By Nancy Smith
Another year, another opportunity for Florida to conjure up an abortion bill to shame a woman or scare the daylights out of a girl.
Rep. Erin Grall, R-Vero Beach, claims her House Bill 265 will keep pregnant girls under 18 safer because they will have to get their parents’ written permission before they can have an abortion. I’m sure she means well. But I don’t know how she figures she’s promoting safety. Does she have proof? Can she show us the numbers?
I’ve been an advocate for women’s reproductive rights since before Roe v. Wade, and lest you question my conservative colors, that was during the Sixties and before, when the Republican Party stood for personal responsibility, and the sanctity of a woman’s right to choose was nonpartisan.
But it’s also personal. For me and a lot of women my age, regardless of party. A lot of men, too. We’re stridently noisily pro-choice creatures. You know why? Because we remember what it was like to grow up in towns and cities without Roe V. Wade. We were there, eyes wide open.
I fear Rep. Grall thinks all parents would react as she would, if confronted by a pregnant 14-year-old — supportively, with love and understanding. And no doubt most parents you and I know would.
But what if a daughter didn’t want her parents to find out she was pregnant or that she intends to have an abortion — and I knew plenty of girls like that in high school. Depending on a number of factors — parental religious beliefs, the circumstances of home life or just ordinary tensions between parents and teenagers — some girls didn’t want to tell their parents.
Then there were the girls who, we found out later, were being sexually abused by a family member. And girls whose parents beat them within an inch of their lives when they found out; or kicked them out of the house. It was those girls who didn’t have Planned Parenthood to talk to, who went to a back-alley butcher if they had the money; or if they didn’t, there were always “friends” to give them a rusty coat hanger and bad advice.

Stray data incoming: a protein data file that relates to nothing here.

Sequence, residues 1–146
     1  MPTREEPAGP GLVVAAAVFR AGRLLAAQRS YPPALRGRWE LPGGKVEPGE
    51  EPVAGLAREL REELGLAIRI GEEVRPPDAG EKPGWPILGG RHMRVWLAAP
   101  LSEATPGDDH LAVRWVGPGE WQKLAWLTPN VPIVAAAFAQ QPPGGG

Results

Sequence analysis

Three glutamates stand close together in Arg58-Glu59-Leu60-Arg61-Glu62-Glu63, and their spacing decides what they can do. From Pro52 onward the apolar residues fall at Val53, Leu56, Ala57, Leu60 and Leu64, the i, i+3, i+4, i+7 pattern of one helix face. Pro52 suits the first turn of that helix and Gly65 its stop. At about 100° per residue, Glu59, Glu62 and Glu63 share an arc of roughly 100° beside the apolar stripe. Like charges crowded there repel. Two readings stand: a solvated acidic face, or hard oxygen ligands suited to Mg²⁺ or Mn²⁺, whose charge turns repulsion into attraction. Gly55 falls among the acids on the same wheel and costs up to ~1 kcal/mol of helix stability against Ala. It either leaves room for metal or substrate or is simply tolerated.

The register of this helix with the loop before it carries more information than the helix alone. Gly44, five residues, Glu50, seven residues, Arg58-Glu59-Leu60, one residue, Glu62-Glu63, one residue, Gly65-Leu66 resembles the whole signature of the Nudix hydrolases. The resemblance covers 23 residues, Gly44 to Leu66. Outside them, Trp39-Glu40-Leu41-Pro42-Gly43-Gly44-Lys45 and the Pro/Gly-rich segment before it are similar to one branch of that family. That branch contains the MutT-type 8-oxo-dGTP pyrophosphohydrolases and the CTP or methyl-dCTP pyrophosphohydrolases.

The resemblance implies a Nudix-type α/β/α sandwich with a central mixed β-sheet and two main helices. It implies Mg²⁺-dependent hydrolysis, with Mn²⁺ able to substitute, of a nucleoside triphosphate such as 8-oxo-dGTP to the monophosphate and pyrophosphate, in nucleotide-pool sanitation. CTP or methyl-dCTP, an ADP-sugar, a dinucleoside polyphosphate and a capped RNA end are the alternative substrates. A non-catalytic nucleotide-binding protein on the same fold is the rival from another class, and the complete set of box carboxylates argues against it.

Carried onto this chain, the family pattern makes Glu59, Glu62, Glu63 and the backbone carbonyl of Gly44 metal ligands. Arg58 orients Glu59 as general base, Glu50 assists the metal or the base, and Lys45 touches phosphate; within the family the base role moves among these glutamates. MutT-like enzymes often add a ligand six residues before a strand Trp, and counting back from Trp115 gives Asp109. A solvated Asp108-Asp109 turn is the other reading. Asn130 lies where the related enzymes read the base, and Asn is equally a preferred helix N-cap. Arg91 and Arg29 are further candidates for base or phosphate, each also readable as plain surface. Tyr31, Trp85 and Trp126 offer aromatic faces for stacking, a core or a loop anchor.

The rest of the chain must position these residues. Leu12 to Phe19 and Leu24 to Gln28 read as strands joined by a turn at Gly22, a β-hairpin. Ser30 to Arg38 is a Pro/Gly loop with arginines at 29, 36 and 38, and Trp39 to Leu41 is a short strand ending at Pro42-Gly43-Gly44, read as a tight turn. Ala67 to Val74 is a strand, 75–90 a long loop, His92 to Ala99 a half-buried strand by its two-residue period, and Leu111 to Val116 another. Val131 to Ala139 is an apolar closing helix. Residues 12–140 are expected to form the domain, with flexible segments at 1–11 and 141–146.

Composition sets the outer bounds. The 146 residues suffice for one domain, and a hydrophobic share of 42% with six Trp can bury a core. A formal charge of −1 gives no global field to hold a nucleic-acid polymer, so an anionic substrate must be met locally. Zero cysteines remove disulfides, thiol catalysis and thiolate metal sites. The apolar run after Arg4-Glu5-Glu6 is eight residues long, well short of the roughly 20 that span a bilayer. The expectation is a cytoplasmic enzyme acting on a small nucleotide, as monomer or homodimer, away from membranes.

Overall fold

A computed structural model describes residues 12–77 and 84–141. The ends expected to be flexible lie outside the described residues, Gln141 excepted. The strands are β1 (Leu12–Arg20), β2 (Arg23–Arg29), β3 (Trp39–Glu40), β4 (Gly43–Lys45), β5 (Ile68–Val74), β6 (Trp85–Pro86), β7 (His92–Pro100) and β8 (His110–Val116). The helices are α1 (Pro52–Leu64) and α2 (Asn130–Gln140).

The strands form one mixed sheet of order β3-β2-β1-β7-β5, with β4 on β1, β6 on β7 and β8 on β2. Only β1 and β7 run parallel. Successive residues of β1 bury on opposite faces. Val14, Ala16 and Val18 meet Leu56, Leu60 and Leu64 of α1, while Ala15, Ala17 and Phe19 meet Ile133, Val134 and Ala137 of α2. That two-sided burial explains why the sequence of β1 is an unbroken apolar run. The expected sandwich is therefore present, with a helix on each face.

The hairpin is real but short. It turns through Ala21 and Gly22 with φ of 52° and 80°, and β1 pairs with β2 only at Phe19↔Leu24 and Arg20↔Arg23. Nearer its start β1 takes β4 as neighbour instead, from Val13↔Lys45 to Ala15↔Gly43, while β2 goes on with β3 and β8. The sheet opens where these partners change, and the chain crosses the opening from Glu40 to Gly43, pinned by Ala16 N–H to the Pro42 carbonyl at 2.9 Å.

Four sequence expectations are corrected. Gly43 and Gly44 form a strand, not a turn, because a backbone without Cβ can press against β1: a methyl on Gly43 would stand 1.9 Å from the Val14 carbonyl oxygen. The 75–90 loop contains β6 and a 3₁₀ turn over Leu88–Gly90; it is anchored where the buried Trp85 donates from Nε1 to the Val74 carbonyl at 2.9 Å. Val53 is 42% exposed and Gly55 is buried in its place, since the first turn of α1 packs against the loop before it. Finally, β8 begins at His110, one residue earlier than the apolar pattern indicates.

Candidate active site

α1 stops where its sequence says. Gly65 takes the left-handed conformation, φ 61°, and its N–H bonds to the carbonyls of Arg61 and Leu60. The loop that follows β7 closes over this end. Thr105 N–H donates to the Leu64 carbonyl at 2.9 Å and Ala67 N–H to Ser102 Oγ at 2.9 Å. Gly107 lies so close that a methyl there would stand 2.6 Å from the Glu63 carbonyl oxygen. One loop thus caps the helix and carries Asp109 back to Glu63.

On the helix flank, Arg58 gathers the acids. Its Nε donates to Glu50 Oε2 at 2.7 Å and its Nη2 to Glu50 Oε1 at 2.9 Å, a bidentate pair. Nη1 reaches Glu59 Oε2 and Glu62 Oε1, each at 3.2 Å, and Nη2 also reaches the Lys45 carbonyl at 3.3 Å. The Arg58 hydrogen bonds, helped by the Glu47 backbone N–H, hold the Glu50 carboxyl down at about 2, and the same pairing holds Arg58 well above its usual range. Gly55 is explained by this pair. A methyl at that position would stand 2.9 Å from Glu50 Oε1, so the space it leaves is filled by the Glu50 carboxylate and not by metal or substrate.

Most of us knew girls like that. Most of us can remember, as I can, at least one girl whose desperation cost her her life.
So many of my generation want Roe V. Wade, we want legal abortions and, frankly, we want Planned Parenthood fully funded.
Keeping Planned Parenthood around with an elevated status as it used to have, Rep. Grall, that’s how to keep girls safe.
I feel as strongly as I ever did that teens should be allowed their own reproductive choices. Globally, teenagers have 17 percent of the world’s 42 million annual abortions. When acquired legally, only 0.3 percent of abortion patients experience complications, and only 0.6 of 100,000 abortion procedures result in death.
In comparison, the risk of death for women who have their babies is about 14 times higher: 8.8 deaths per 100,000 live births, with another seven deaths per 100,000 during pregnancy. These numbers include the deaths of teen girls, who have higher rates of preeclampsia than women in their 20s and 30s.
Yet, no state requires parental consent or notification for prenatal care or delivery services — even invasive and statistically more dangerous Cesarean deliveries.
Let’s be honest about what we’re doing with HB 265: We’re creating another parental-involvement statute, not because we want to develop policies to improve a girl’s health, but because we want to secure political goals aimed at 1) making abortion harder to get, 2) restoring parental authority and 3) punishing girls for having sex.
Please reject misogynistic legislation of any kind.